Africa is beginning to capture the imagination of entrepreneurs, corporate executives, and scholars as an emerging market of new growth opportunities. Over 15 years, the continent has experienced an average growth rate of 5% (World Economic Forum, 2015: v). Out of its 54 countries, 26 have achieved middle-income status, while the proportion of those living in extreme poverty has fallen from 51% in 2005 to 42% in 2014 (African Development Bank, 2014a: 49). Although there are regional differences, the primary drivers of growth have been rapidly emerging consumer markets, regional economic integration, investment in infrastructure, technological leap-frogging, and the opening up of new markets, especially in the service sector. African economies also face commensurate challenges. Across the continent, economies remain largely agrarian, underpinned by resource-driven growth and still dominated by the informal sector. But what is it about the context that makes Africa such fertile territory for management scholarship?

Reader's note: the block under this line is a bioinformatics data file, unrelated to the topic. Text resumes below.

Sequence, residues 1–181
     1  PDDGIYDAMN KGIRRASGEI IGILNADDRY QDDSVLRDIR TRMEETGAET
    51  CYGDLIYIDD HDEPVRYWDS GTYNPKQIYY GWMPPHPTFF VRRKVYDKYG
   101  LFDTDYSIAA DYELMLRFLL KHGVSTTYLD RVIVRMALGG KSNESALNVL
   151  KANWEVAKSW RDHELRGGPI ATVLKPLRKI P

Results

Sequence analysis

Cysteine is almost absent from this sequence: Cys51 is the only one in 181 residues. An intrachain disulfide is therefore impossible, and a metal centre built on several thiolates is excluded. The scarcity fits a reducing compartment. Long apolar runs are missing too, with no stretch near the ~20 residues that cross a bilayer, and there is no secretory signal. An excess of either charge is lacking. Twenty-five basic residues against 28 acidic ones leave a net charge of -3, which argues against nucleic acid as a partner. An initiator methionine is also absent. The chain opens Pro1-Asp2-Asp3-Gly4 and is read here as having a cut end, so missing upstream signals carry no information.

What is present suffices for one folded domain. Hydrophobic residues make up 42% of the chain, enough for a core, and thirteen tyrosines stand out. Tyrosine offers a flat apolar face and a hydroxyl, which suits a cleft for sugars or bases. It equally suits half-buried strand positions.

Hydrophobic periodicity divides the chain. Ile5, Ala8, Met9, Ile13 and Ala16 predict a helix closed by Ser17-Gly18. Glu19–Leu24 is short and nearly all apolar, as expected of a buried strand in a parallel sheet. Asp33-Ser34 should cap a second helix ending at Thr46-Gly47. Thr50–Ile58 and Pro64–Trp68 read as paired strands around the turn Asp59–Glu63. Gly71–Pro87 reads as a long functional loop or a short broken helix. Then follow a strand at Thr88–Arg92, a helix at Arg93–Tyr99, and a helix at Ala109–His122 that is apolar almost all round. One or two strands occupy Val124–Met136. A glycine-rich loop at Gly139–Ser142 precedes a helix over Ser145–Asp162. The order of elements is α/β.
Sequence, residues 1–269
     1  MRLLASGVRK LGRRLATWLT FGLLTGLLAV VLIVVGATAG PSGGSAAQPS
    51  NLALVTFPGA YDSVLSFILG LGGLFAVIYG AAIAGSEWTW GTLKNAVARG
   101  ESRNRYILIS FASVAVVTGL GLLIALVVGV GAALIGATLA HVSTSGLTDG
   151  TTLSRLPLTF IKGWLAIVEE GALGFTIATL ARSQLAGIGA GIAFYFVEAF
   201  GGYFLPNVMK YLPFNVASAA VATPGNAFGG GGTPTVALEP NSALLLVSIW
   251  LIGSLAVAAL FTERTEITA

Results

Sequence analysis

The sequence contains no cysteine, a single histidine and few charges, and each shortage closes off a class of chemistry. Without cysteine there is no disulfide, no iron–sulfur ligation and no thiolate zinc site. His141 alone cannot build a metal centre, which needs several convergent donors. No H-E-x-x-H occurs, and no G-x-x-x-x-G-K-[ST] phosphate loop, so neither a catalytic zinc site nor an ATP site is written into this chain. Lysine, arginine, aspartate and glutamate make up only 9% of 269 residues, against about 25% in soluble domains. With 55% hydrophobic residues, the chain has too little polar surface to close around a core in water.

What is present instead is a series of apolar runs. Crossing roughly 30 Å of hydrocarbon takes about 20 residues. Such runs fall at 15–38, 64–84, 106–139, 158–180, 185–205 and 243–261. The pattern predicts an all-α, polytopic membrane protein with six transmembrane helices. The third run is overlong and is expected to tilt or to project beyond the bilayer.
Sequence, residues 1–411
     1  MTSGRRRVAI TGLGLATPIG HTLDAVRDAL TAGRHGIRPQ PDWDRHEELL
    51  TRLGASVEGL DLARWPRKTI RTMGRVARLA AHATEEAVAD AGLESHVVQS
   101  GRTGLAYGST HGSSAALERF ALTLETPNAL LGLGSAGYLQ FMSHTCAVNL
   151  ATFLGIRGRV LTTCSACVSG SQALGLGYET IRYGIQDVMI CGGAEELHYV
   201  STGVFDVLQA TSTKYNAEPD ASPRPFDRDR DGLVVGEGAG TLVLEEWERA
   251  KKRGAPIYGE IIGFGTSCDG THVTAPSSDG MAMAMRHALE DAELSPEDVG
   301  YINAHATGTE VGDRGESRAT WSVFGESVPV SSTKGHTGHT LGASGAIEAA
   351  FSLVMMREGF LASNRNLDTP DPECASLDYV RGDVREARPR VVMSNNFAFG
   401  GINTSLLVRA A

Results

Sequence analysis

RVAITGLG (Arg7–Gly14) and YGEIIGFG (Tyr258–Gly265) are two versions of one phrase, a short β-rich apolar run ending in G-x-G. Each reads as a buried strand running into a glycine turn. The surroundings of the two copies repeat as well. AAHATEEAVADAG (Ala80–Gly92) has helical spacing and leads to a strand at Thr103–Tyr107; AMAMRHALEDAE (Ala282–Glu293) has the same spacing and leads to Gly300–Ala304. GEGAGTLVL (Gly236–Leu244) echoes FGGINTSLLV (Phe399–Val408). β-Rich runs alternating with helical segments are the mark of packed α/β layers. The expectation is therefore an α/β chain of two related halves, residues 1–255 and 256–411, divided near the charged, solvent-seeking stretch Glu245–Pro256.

Human resource management, institutional difference hypothesis, sub-Saharan economy, emerging economies, South Africa, research agenda, entrepreneurial orientation, financial performance, developing countries, multinational firms
African Studies | Business | Strategic Management Policy
Strategy and Organisation
Academy of Management Journal
Academy of Management
GEORGE, Gerard; Khayesi, Jane N. O.; and Haas, Martine R. Tihanyi.
Bringing Africa in: Promising directions for management research. (2016). Academy of Management Journal. 59, (2), 377-393. Research Collection Lee Kong Chian School Of Business.
Available at: http://ink.library.smu.edu.sg/lkcsb_research/5041